Agreement (“PSA”). See Compl. Ex. I. PSAs are “securitized trust agreements that ‘operate’ as
the governing document for the Trust.’” Dyer v. U.S. Bank, N.A., 141 F. Supp. 3d 149, 154 (D.
Mass. 2015) (quoting Matt v. HSBC Bank, 968 F. Supp. 2d 351, 360 (D. Mass. 2013)). This
PSA requires that the trust “shall not engage in any activity other than . . . as required or
authorized by the terms of this [PSA].” Compl. Ex. I at RLJ-045 [#3-1]. As alleged by Plaintiff,
the PSA includes language that the “Depositor” (the Trust) “acquired the Mortgage Loans”
(including both the note and mortgage) “from the Sponsor” (EMC). Id. at RLJ-009 (“PSA
On November 9, 2015, Nationstar sent Plaintiff a Certification Pursuant to 209 C.M.R.
18.21A(2)(a)(3). Compl. ¶ 32, Ex. G. The certification identified the owner of the note at that
time as Wilmington. The certification stated that a copy of the note, including any endorsements,
was attached, and it listed in chart form the chain of title of the mortgage, reflecting the three
aforementioned mortgage assignments. Id.
On January 12, 2016, Wilmington sent correspondence to Plaintiff including a copy of
the Mortgagee’s Sale of Real Estate concerning the sale of the property at issue at a public
auction to occur on February 3, 2016. See Compl. Ex. H.
a. Declaratory Judgment against Wilmington
Plaintiff seeks a declaratory judgment that Defendant Wilmington may not foreclose on
the property at issue using Mass. Gen. Laws. Ch. 244, § 14 (statutory foreclosure). Plaintiff
makes a number of arguments, all of which are unavailing.
Plaintiff argues that the assignments of the mortgage failed to comply with certain terms
of the PSA, such as required intermediary transfers and closing date. Plaintiff, however, lacks
standing to carry forward this argument. The First Circuit has held that, under Massachusetts
law, “claims alleging disregard of a trust’s PSA are considered voidable, not void.” Butler v.
Deutsche Bank Trust Co. Ams., 748 F.3d 28, 37 (1st Cir. 2014). 1 Plaintiff does not, nor could
not, allege that he was either a party to or a beneficiary to the PSA. He has therefore “shown no
The result would be the same under New York law. See Wells Fargo Bank, N.A. v. Erobobo,
127 A.D.3d 1176, 1178 (N.Y. App. Div. 2d Dep’t 2015) (holding that Plaintiff, “as a mortgagor
whose loan is owned by a trust, does not have standing to challenge [the] mortgage based on
purported noncompliance with certain provisions of the PSA”).
legally protected interest sufficient for standing.” Id. at 35; see also Woods v. Wells Fargo Bank,
N.A., 733 F.3d 349, 354 (1st Cir. 2013) (claims that “merely assert procedural infirmities in the
assignment of a mortgage, such as a failure to abide by the terms of a governing trust agreement,
are barred for lack of standing.”).
Plaintiff also argues that, under Mass. Gen. Laws ch. 244, §14, as interpreted by Eaton v.
Federal National Mortgage Ass’n, 969 N.E.2d 1118 (Mass. 2012), MERS did not have the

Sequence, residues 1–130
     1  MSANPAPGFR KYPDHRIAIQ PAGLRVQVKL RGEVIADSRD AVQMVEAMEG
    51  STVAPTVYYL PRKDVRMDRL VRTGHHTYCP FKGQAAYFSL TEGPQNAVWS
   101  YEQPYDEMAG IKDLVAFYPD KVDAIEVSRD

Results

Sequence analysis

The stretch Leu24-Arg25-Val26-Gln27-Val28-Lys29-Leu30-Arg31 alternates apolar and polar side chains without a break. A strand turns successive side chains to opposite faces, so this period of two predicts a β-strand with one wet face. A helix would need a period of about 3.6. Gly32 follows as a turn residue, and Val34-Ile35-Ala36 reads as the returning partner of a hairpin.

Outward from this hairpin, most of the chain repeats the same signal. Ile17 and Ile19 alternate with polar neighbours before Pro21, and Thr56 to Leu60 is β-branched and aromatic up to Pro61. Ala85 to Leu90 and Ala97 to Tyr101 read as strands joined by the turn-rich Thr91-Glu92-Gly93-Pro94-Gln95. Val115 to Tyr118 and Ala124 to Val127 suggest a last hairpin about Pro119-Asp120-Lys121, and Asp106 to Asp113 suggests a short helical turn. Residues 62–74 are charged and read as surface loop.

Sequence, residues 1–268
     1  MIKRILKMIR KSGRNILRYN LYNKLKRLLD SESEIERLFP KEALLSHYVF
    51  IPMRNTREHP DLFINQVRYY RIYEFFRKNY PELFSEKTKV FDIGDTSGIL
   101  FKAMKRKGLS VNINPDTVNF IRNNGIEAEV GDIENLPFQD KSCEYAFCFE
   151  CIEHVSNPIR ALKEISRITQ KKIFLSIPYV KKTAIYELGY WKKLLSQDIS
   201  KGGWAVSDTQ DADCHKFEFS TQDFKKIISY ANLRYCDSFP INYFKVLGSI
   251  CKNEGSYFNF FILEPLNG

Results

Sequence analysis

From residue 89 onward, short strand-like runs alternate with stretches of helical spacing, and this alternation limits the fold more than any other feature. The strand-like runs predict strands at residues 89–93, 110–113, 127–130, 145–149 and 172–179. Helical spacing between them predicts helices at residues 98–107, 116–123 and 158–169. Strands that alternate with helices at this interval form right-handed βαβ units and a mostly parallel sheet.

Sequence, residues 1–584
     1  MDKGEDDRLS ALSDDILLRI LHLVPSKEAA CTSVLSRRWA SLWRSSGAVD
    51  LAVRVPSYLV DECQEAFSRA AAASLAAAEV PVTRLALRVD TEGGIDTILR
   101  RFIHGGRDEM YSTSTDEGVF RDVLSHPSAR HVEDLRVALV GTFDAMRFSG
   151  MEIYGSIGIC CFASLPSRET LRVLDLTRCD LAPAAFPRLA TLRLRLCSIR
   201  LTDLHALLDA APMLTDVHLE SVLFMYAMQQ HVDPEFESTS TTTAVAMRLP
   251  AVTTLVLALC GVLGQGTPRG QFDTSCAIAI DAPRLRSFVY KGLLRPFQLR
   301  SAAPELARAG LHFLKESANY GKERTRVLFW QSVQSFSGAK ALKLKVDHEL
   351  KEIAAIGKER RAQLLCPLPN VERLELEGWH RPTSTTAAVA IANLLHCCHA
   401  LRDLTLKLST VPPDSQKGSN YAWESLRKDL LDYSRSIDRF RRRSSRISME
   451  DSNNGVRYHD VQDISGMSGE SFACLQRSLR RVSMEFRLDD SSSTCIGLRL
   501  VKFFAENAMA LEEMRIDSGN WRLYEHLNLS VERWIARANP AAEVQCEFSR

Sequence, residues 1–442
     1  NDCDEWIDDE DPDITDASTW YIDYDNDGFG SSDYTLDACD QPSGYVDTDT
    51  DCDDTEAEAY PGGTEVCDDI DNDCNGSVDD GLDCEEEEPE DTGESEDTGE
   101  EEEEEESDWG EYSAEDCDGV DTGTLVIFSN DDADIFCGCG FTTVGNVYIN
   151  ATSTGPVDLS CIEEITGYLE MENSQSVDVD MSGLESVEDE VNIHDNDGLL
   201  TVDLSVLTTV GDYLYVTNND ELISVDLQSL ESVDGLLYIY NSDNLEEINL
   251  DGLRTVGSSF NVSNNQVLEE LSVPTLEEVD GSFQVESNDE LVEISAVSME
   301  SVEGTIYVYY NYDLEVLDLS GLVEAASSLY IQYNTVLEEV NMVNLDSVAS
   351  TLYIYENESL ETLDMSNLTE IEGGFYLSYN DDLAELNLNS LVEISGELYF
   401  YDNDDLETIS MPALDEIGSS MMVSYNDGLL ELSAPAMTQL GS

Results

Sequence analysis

authority to act as “mortgagee” and then assign the mortgage, and consequently, the assignment
was void and Wilmington did not hold the mortgage when it foreclosed. Specifically, here,
Plaintiff argues that under the terms of the original mortgage, MERS acted only as “nominee”
(i.e., equitable trustee) for the lender Countrywide and its successors and assigns, and thus it
lacked authority to assign the mortgage on authority of Countrywide.2
Plaintiff does have standing to challenge the assignment as void on the ground that the
“assignor had nothing to assign or no authority to make an assignment to a particular assignee.”
See Culhane v. Aurora Loan Servs. of Neb., 708 F.3d 282, 291 (1st Cir. 2013). Under Mass.
Gen. Laws ch. 183, § 21, only “the mortgagee or his executors, administrators, successors or
assigns,” can exercise the statutory power of sale under Mass. Gen. Laws ch. 183, §21.
Consequently, “[a]ny effort to foreclose by a party lacking jurisdiction and authority to carry out
a foreclosure under these statutes is void.” Mills v. U.S. Bank, N.A., 753 F.3d 47, 50 (1st Cir.
2014) (quoting U.S. Bank Nat’l Ass’n v. Ibanez, 941 N.E.2d 40, 50 (Mass. 2011); see also
Wilson v. HSBC Mortg. Servs., Inc., 744 F.3d 1, 10 (1st Cir. 2014) (quoting Culhane, 708 F.3d
at 291) (“Specific to the mortgage context, a void mortgage assignment is one in which the
To the extent Plaintiff argues that MERS can never be deemed a mortgagee under
Massachusetts law, see Compl. ¶ 14, the First Circuit has squarely rejected his argument. See
Culhane v. Aurora Loan Servs. of Neb., 708 F.3d 282, 291 (1st Cir. 2013).
putative assignor never properly held the mortgage and, thus, had no interest to assign.”).
Plaintiff’s claim, like others considered and rejected by the First Circuit, “hinges on the
asseveration that MERS did not legitimately hold the mortgage at the time of the assignment and,
therefore, had nothing to assign to [the defendant]. Even though the original mortgage papers
designated MERS as the holder of the mortgage, the plaintiff’s thesis runs, this designation was a
nullity because MERS never owned the beneficial half of the legal interest in the mortgage.”
Culhane, 708 F.3d at 291 (internal quotation marks omitted); see Pl.’s Opp’n Defs.’ Mot.
Dismiss 16 [#12].
The First Circuit has held in such cases that “there is no reason to doubt the legitimacy of
the common arrangement whereby MERS holds bare legal title as mortgagee of record and the
noteholder alone enjoys the beneficial interest in the loan.” Culhane, 708 F.3d at 291; see also
Butler, 748 F.3d at 32 (MERS, as nominee and mortgagee of record, possesses the ability to
transfer its interest in a mortgage). Holding bare legal title, MERS had authority to assign the
mortgage, as a “mortgagee need not possess any scintilla of a beneficial interest in order to hold
the mortgage.” Culhane, 708 F.3d at 293. In addition, where MERS holds the mortgage as
nominee for a separate note-holder, “an equitable trust is implied by law,” giving the “noteholder